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who was ernest dichter?

ernest dichter was someone who never stopped questioning what a human being is, what motives drive us and how human communication “works”. he had learned to question in this way studying moritz schlick, karl and charlotte bühler and in the milieu of the vienna circle. what was most important to dichter was not academic discourse or career, but the practical utilisation of philosophy.

in this respect, his pragmatic approach correlates in some way with the intentions of the vienna circle, among whose declared philosophical aims was “to form the mental tools for the daily use of scholars, but also for the daily use of those with an active awareness in shaping their lives” (from the manifesto “wissenschaftliche weltauffassung. der wiener kreis”, vienna circle, vienna 1929, p. 14). logical empiricism alone was of course not enough for this. his deeper questions, dichter had derived from his intensive engagement with sigmund freud, whose psychoanalysis he had adapted through wilhelm stekel and rudolf aichhorn.

from the “imago”-concept of gestalt psychology, dichter shaped the present-day concept of “image”. dichter, who later was referred to as “mr. image”, postulated that all things have a soul, that they present a projection platform for human desires - and therefore constitute an element of authentic communication. dichter saw himself as a cultural anthropologist, who, in decoding a motif at the core of a thing, tried to advance to the core, to find out what stands behind it when people act, buy, hate, love, vote...  often, the rational motives are only on the surface with emotions playing the key role; archaic, holistic, mythical, magical or religious ideas are always a part of “happiness” – and who does not want happiness, even if only in the little every day things... .

one has to take account of the images and themes of happiness and ask the big questions, for they shape the trivialities at least as much as rational thought. it is within this field of tension between deep dimensions and surface rationalisation that dichter moved with his interpretations of realities of business and politics alike. product reality and the accompanying, effective communication of product information in the form of advertising belong to this as much as the pedagogical impetus to spread values in the context of political debate. this is always done with a view of the greater context of society.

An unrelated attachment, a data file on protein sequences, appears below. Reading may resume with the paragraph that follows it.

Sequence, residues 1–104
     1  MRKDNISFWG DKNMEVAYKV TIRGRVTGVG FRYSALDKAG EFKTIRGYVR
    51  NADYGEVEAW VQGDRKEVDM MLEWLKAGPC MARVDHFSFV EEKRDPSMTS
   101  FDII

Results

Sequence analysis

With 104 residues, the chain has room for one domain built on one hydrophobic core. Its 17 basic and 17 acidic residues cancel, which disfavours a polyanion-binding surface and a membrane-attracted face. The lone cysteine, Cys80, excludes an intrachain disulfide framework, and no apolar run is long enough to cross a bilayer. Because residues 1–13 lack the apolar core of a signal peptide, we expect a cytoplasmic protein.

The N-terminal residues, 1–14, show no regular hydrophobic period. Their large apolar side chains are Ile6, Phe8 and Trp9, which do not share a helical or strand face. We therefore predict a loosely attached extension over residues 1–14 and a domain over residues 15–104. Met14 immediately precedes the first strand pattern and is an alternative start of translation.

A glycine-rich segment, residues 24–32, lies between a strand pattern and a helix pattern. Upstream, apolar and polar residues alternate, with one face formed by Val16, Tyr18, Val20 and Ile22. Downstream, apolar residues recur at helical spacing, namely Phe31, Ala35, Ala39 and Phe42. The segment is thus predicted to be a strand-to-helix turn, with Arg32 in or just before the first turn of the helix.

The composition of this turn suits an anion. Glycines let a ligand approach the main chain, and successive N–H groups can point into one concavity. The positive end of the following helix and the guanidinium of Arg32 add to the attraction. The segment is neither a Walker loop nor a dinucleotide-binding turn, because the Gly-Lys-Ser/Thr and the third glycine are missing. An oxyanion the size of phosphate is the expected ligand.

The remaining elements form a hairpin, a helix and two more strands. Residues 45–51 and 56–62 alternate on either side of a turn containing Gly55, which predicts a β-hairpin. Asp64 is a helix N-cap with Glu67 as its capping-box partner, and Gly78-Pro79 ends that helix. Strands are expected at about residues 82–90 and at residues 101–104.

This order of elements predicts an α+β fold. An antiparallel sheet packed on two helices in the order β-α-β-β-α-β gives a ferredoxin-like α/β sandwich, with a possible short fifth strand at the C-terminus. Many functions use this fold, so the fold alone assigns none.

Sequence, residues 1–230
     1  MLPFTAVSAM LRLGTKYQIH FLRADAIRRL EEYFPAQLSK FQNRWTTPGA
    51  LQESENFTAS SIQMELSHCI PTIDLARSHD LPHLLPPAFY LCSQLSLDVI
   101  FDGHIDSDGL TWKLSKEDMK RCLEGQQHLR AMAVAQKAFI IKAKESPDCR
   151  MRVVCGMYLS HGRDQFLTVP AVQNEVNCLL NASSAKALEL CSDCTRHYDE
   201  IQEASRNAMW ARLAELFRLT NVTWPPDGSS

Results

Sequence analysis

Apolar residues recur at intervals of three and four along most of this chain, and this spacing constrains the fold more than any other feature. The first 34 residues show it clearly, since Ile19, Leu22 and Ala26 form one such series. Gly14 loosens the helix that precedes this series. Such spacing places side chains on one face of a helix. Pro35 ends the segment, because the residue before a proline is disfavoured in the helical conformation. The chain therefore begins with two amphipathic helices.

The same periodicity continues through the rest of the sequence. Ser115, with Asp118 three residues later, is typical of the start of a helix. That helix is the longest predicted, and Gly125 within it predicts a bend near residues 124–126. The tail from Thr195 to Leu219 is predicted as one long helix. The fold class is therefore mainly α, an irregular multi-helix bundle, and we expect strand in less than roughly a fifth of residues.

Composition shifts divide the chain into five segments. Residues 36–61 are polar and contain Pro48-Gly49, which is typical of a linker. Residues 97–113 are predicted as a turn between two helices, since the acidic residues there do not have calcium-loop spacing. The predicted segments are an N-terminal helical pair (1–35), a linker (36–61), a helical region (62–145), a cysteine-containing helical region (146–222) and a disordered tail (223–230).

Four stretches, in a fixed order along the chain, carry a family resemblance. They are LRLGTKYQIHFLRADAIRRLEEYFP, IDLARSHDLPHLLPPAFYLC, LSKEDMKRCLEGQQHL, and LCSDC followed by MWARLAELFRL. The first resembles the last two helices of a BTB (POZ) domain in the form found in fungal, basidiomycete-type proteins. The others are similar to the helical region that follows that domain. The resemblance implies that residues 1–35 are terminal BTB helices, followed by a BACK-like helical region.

dichter functioned as an ethically motivated animator, treating human reality as a therapist and educator and aims to tackle the creation of greater consciousness through the means of media communications on a grand scale. he did this as an optimist, hedonist and humanist. dichter established the pleasure principle as preceding the reality principle - emotion before reason. nevertheless, pleasure is not necessarily a contradiction of ethics. on the contrary, ethics refines pleasure in a holistic sense. motivating people to experience pleasure and responsibility might be the succus that dichter had adapted from alfred adler. to have faith in people - encouragement and trust in ones own competence (see dichter's dissertation “die selbstbeurteilung der eigenen fähigkeiten und leistungen” – “the self-assessment of ones own skills and abilities”) - these are huge motivational factors that can also be socially fruitful. unconventional thinking, creative problem solving, the question of “why not” in place of apathetic resignation, the ability to think in antinomies (“up and down thinking”); these are just a few of the techniques propagated by ernest dichter.

what was his aim? a general openness for everything there is - to shape reality to produce a lasting benefit for humankind, to tackle problems with a creative dissatisfaction and an unconventional, carefree attitude to untie gordian knots. this is to be understood as a dynamic event and not perceived of as a static endpoint: “getting there is all the fun!” in this sense, this project is a call and a motivation to get going ...


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